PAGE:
Wednesday, July 26, 2017

Rebirth float: Steve Gleason

Someone recently requested that I post some photos of my Saints floats- and I have been struggling to find the photos I feel sure I took of them. I likely mislaid the SD Card that has them on there, and I will find it ANY DAY NOW. We have to tell ourselves these things... Meanwhile, here are a couple I found on my phone of the Rebirth float. You can tell that I had not finished them yet based on the unfinished collars. So sad that I don't have one of Drew Brees, who also appears on the float in that iconic photo with all three holding their arms up, the words "No White Flags" written across them. I will post photos of a couple of the other floats soon.

Wednesday, July 19, 2017

"Makin' Groceries...": Post #5

Here are the final two panels for my Breaux Mart mural, "Makin' Groceries in Early New Orleans". One features a creole couple strolling by the dry goods market. If one of them bears a strange resemblance to Obama, that is no mistake! A neighbor requested I include him in the scene so that he can see him every time he steps outside his door so he can feel like "he really is still here with us". The one with Cafe du Monde combines an image of Rose Nicaud with the famous coffee stand she laid the ground work for. In New Orleans, slave owners traditionally gave their forced laborers Sundays off. Rose Nicaud saw how busy the market place was on this day, and decided to sell fresh, hot coffee to the shoppers. This enabled her to buy her freedom and make that her full-time employment.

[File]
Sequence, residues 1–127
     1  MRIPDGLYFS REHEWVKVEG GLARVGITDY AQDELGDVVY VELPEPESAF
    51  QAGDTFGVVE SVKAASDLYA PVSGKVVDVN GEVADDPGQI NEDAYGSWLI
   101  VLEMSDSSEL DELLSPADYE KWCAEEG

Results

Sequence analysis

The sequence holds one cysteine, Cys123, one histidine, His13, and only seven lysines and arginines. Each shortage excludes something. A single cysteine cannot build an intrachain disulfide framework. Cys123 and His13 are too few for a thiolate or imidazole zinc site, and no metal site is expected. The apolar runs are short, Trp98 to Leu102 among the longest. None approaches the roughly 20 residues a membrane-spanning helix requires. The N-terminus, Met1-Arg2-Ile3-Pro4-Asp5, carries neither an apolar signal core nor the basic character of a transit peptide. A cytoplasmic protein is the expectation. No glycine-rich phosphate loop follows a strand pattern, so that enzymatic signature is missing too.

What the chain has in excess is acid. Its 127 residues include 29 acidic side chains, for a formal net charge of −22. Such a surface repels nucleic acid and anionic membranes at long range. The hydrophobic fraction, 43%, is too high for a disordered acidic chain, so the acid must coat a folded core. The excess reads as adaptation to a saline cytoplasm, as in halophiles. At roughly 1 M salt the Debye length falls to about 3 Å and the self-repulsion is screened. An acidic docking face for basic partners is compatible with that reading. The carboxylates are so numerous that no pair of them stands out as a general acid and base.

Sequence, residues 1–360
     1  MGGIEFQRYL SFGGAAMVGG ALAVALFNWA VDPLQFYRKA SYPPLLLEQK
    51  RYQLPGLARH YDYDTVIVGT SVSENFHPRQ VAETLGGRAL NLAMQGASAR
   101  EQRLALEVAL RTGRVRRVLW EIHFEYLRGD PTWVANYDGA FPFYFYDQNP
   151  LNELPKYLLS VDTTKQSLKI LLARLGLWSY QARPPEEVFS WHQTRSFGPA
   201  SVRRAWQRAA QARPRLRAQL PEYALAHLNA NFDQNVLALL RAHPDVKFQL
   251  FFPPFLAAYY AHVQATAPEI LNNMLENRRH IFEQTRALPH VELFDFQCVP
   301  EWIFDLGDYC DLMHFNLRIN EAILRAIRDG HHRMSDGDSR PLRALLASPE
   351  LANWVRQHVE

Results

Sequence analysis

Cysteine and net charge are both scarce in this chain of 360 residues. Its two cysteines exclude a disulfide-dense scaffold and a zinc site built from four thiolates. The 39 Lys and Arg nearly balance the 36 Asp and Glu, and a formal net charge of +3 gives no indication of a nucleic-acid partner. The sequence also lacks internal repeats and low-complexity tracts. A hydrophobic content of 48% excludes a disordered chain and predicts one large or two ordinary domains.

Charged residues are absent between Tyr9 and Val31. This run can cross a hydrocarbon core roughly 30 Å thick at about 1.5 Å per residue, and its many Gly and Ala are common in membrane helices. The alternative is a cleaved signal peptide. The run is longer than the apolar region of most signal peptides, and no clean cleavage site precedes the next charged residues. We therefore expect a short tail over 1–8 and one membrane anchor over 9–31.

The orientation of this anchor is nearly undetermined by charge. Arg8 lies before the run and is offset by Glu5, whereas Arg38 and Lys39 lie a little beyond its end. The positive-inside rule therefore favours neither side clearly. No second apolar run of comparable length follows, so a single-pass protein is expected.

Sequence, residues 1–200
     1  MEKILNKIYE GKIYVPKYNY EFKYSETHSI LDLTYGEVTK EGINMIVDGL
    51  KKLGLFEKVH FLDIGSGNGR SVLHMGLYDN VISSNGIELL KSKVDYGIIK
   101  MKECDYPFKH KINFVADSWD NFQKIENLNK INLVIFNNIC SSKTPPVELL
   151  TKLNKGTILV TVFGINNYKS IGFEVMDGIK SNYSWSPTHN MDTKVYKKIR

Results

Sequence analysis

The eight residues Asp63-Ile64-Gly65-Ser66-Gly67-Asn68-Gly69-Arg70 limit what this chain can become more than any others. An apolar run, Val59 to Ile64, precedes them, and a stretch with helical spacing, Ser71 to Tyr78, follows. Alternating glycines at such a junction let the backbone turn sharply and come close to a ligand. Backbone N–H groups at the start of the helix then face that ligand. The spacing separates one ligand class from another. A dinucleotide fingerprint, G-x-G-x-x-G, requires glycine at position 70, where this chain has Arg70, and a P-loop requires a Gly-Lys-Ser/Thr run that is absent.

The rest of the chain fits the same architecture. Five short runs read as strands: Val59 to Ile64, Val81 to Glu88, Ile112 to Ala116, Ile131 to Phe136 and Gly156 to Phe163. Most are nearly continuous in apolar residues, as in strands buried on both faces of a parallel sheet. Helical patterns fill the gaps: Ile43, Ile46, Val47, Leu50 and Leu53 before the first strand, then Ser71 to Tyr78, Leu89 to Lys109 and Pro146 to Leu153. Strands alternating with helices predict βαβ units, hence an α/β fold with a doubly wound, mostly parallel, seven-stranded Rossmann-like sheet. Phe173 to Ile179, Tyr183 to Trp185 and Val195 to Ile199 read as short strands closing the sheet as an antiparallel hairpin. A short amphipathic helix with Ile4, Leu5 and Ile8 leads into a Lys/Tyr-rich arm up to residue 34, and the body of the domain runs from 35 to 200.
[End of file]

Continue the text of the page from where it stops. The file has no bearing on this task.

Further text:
Saturday, July 15, 2017

Private Courtyard Mural